Precision Profile: Eliminating Emotion from Moisture Management with Data-Driven Decisions
Updated: May 20
Name: Brandon Hunnicutt
Farm: Hunnicutt Farms
Location: Giltner, Neb.
Size: 2,400 acres (10% in organic production)
Crops Grown: Corn, Soybeans, Popcorn, Seed Corn
Precision Pain Point: How to save money and water without sacrificing yield on irrigated fields.
Water is an increasingly valuable commodity for farmers, especially as annual rain events become more inconsistent and unpredictable. Banking on a timely or even a consistent pattern of precipitation, isn’t a risk Nebraska farmer Brandon Hunnicutt, can afford to take on the family’s 2,400-acre primarily corn and soybean operation.
With the majority of acreage under 19 Valley Irrigation center pivots, Hunnicutt, who farms with his brother, Zach, and their father, Daryl, has progressively adopted cost-saving moisture sensing technology for more than 15 years. The ongoing investment has improved water conservation and shifted the family’s mindset with irrigation management.
“We wanted to try and eliminate our emotional tie to water and not let the elements dictate our decisions. What is the soil telling us it needs?,” Hunnicutt says. “We’ve been able to save 2-5 inches a year in applied water and gotten to the point where we’re annually saving $20-$25 per acre in irrigation costs; without sacrificing yield.”
The Hunnicutts started out using Watermark soil moisture sensors, 1-3-foot probes placed in the field, which were affordable tools to help establish a baseline for precision irrigation management by tracking soil moisture content in select areas of the field.
Hunnicutt acknowledges that some of the early returns contradicted instinct, but, as they replicated readings across the farm, the numbers added up.
“We knew we were probably over-applying water in some areas and potentially under-applying in others,” he says. “What we figured out with the sensors was that it could be 100 degrees out in the field when we probed the soil by hand, and even though logic told us we should be watering, the sensor data told us the soil was holding enough moisture.”
In 2012, prolonged drought impacted most of the country’s crop production, but Hunnicutt attributes their early investment in moisture sensing technology with helping the farm achieve 240-bushel irrigated corn on about 12 inches of strategically applied water that year.
The more recent addition of Valley’s Aqua Trac Pro pivot monitoring system and a gradual transition to digital capacitance probes in almost every field further contributed to a 2-5-inch reduction in irrigated water application, Hunnicutt says.
“So, to this point, we’ve seen cost savings, water savings and a positive environmental impact because we’ve reduced the potential of nutrient loss through water runoff,” Hunnicutt says. “Now we’re moving into the next phase to see how we can use moisture sensing technology as multi-faceted tools.”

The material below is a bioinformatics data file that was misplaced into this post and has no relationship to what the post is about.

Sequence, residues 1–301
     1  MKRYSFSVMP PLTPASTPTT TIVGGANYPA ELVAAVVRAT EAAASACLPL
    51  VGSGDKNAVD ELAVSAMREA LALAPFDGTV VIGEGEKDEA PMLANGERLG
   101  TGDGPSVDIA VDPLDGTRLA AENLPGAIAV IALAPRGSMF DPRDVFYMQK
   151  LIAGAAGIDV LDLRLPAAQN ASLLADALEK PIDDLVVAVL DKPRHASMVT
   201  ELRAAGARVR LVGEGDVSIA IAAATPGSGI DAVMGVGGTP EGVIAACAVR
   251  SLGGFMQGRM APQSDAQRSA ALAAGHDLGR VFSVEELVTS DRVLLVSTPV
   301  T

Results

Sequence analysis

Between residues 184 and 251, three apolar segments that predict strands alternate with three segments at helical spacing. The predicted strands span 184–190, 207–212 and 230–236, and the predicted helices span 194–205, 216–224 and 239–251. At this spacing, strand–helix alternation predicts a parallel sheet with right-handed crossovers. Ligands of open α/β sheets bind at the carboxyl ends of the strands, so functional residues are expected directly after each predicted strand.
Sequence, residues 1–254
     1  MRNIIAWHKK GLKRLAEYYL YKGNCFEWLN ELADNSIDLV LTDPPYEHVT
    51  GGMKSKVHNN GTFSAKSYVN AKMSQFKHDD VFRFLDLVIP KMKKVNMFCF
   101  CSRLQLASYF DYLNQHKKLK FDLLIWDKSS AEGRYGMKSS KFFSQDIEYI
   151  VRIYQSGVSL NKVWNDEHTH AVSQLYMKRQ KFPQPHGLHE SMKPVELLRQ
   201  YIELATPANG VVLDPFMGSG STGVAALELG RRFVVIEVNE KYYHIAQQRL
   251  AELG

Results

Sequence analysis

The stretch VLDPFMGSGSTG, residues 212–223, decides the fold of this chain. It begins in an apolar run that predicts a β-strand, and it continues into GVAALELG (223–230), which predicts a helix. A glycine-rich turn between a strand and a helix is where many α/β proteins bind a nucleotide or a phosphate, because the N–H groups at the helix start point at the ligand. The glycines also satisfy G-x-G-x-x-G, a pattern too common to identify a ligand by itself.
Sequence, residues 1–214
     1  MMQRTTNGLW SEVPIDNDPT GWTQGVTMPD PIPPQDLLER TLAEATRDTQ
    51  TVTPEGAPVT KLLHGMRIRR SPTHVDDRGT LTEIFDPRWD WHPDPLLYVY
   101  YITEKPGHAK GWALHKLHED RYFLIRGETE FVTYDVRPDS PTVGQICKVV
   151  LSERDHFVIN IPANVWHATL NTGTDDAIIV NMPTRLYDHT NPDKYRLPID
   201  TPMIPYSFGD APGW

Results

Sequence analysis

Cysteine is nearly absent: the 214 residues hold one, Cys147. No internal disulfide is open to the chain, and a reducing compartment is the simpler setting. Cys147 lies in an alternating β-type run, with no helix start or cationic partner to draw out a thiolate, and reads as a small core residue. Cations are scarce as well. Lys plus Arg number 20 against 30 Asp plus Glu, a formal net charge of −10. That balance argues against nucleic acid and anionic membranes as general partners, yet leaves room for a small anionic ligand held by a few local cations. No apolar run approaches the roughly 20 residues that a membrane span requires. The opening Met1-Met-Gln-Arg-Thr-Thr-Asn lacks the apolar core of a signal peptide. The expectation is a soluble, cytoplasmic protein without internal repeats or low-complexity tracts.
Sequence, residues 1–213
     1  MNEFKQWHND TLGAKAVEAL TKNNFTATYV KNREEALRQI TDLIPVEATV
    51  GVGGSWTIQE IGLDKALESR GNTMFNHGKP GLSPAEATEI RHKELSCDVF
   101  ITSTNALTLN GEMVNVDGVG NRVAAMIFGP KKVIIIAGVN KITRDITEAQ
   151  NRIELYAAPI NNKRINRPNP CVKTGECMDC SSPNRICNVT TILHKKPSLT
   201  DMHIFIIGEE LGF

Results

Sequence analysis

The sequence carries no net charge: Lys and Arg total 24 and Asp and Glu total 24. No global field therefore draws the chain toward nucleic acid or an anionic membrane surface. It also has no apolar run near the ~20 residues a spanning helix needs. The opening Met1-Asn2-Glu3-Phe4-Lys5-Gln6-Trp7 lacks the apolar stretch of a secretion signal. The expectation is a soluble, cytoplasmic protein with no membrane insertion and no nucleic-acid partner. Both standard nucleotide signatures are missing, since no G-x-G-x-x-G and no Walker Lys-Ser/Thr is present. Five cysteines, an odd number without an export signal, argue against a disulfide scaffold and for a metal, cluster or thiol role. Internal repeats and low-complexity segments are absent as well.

Drop In the Bucket
In 2020, Hunnicutt added a pair of Autonomous Pivot systems - robotic, artificial intelligence-enhanced tools that mount to pivots and utilize ground-penetrating radar and cameras to collect soil moisture and crop health data.
“The big thing for us was instead of getting that one data point where the capacitance probe was located, we were now getting 200-300 data points as the pivot rotated around the field and a camera on top taking pictures,” Hunnicutt says.
Seeing enough potential, the operation ran 10 Autonomous Pivot systems in 2021. But a severe windstorm that swept through the area in June, damaged half of the pivots with the sensing technology, which limited the scope of collected data.
However, Hunnicutt says he was still able to make a key discovery. “We saw some interesting variations in yield at the end of the year in some of those fields affected by the wind storm where we couldn’t water,” he says.
That prompted the Hunnicutts to rethink their irrigation strategy, using sensing technology not just to eliminate passes in the field, and measure moisture in the soil, but also to determine the most ideal time of day to irrigate.
“If we’re applying 8 inches per year through the pivot, we may still apply the same amount, but find that we need to be doing it at completely different times,” Hunnicutt says.
But he says the next frontier with irrigation sensing could be even more impactful. Autonomous Pivot is developing its sensors to include nitrogen monitoring and insect recognition - capabilities Hunnicutt says could be “game-changing.”
“We’re excited about the potential of developing different layers of data with sensing tools that will extend beyond our irrigation management,” he says. “It’s about making better decisions based on numbers and not emotions.”
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